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05/11/2009: Philippines in National Geographic’s 25 Best New Travel Destinations in the World for 2010; Ancient Cultures, Structures and Biodiversity Cited

Washington, DC 05 November 2009 - The Philippines was named “One of 25 Best New Trips in the World in 2010” by National Geographic which cited the Philippines’ ancient cultures, structures and biodiversity as key reasons to visit the country.

In its November 2009 Adventure issue, the DC-based National Geographic described the Philippines as harboring “as many islands as the Caribbean and some of the most spectacular reefs on the planet” adding that travel organizations have “finally gotten wise.”

National Geographic presented the “25 brand new adventures, all of them just right for right now.”  The list is directed at “travelers who want their dollars to do more – for others, for the planet and for themselves.”

Philippine Ambassador to the United States Willy C. Gaa said the inclusion of the Philippines in the list shows the global community is “taking note of the natural and cultural wonders in the country as well as the efforts to protect and preserve them.”

According to the article, Wilderness Travel is organizing a trip to the Philippines in May which will “lead clients high into the 4,000 foot Cordillera Central then deep into the world most biodiverse marine environment.”

Wilderness Travel is a company of and for travelers whose trip members are mostly repeat travelers or referrals from past members.  These include “naturalists, authors, ecologists, archeologists, art historians, teachers and mountaineers.”

The 12 day trip to the Philippines costs $3,300.

On its website www.wildernesstravel.com, the Philippines is described as a country which boasts breathtaking hikes among ancient rice terraces and scenic mountain landscapes, cultural encounters with Ifugao people and world-class snorkeling in the “Coral Triangle.”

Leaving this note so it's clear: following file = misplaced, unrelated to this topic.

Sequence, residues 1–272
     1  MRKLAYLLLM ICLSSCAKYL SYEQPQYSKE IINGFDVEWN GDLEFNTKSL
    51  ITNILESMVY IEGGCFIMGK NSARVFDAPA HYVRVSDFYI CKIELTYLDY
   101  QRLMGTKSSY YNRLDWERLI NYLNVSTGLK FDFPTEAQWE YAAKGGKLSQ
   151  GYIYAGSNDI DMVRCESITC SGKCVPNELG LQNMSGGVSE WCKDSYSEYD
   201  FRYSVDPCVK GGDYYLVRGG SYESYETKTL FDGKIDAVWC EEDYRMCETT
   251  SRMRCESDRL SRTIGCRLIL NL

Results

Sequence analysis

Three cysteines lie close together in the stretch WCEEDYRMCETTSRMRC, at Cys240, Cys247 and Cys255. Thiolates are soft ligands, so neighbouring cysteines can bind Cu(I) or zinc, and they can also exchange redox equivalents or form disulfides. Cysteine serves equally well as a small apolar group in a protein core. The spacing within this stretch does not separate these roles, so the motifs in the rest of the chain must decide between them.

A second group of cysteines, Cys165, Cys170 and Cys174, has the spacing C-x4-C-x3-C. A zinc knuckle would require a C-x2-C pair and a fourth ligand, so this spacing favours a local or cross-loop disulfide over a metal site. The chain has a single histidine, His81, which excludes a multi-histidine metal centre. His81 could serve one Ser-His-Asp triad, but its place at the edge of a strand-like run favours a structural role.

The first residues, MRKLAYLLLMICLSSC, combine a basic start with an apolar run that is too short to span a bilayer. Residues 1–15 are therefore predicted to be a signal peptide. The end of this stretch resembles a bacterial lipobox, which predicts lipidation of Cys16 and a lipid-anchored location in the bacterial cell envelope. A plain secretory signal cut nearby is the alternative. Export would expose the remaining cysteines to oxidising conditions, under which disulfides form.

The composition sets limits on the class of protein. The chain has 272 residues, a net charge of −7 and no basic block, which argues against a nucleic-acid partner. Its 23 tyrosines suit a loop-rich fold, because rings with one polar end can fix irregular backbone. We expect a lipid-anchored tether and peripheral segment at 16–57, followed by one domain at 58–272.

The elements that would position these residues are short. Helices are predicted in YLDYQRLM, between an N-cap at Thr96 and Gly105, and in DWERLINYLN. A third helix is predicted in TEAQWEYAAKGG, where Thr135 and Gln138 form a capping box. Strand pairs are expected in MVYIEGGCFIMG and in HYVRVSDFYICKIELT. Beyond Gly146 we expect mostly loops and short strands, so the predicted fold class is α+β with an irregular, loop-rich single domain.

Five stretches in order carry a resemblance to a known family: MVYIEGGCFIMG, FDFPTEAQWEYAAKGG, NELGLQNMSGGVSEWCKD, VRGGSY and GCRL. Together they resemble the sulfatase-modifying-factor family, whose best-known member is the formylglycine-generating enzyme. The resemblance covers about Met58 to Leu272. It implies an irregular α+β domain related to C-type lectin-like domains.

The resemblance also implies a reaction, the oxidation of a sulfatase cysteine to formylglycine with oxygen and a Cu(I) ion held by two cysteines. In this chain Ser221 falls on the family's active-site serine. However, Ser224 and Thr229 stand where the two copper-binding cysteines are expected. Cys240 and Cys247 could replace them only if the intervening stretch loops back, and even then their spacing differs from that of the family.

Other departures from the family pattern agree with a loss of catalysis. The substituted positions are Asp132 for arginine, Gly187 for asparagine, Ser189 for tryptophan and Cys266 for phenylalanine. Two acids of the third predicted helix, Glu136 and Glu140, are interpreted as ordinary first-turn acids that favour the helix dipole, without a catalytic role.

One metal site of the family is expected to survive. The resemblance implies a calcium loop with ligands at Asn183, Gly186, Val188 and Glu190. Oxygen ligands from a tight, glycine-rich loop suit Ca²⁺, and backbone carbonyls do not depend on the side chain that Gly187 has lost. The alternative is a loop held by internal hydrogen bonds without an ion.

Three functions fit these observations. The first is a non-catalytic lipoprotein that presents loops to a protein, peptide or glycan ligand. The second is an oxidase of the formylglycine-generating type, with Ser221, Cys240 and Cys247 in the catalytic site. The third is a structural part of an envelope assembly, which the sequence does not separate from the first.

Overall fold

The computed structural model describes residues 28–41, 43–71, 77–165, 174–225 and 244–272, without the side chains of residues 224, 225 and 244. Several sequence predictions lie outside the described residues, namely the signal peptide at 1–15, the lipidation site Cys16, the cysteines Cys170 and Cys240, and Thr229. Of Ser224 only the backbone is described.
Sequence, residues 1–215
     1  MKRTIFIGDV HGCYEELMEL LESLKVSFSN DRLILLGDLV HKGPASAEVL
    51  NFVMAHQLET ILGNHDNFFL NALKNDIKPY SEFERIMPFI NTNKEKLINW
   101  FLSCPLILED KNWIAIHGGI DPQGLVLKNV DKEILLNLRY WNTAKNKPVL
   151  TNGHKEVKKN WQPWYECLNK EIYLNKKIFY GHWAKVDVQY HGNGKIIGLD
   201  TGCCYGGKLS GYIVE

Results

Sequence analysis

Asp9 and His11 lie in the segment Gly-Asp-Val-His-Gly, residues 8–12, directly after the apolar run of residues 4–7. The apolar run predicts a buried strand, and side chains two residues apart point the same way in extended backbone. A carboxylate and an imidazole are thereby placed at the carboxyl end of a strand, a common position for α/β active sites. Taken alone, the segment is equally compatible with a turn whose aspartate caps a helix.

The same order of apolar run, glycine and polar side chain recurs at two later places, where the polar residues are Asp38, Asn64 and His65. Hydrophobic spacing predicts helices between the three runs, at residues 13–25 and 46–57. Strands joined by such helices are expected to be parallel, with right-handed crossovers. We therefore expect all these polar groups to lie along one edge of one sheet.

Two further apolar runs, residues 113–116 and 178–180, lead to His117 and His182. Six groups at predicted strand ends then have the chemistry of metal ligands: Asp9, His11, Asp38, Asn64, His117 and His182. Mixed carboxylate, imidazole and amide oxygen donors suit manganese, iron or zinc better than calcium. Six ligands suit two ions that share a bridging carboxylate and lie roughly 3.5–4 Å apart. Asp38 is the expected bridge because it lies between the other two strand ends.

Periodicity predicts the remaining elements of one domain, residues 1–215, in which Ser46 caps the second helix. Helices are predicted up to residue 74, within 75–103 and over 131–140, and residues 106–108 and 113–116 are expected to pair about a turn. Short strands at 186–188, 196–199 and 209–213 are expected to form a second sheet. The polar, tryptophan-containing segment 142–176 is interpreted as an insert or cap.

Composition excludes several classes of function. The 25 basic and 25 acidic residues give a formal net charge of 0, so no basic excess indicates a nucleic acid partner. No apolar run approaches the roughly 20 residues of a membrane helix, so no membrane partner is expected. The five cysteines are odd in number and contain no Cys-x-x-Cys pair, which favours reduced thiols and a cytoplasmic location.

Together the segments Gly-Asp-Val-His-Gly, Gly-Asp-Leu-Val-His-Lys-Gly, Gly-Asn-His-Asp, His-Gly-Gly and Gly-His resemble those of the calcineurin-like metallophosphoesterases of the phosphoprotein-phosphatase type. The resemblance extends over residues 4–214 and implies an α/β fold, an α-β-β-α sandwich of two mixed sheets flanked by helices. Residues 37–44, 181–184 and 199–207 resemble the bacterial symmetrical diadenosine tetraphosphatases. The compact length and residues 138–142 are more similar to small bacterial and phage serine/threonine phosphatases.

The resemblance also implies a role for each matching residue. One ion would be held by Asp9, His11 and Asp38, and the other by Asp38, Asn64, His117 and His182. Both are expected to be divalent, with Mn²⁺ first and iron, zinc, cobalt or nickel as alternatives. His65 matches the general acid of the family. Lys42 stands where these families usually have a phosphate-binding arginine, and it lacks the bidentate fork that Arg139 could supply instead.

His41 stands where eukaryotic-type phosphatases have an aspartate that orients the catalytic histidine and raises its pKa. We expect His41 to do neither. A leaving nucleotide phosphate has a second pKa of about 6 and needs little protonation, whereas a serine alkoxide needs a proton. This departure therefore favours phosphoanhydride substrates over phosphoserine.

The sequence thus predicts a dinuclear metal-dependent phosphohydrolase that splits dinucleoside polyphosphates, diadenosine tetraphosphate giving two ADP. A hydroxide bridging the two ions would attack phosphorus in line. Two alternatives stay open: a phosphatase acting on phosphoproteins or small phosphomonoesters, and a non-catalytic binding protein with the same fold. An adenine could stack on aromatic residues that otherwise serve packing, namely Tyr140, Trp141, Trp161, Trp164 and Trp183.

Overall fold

According to Wilderness Travel, the Philippine journey explores “the emerald world of the Ifugao hilltribe people – steeped in ancient tradition- who have transformed the precipitous mountainsides of their homeland into steeply contoured rice terraces, complete with ingenious irrigation systems dating back 2,000 years.

The trip then takes travelers to Cabilao island in the Visayas to view “stunning coral reefs” that are part of the famed “Coral Triangle,” the world’s greatest concentration of marine biodiversity.

The Philippines has been promoting its cultural and natural wonders as preferred travel destinations for global tourists. The Embassy of the Philippines works closely with the National Geographic in raising awareness on the importance of sustainable development and ecological protection.

During President Gloria Macapagal Arroyo’s Official visit to Washington, D.C. in August 2009, she delivered a talk at the National Geographic Headquarters in the US capital, underscoring the Government’s efforts in and urging international support for preserving, promoting and protecting biodiversity in the Coral Triangle. END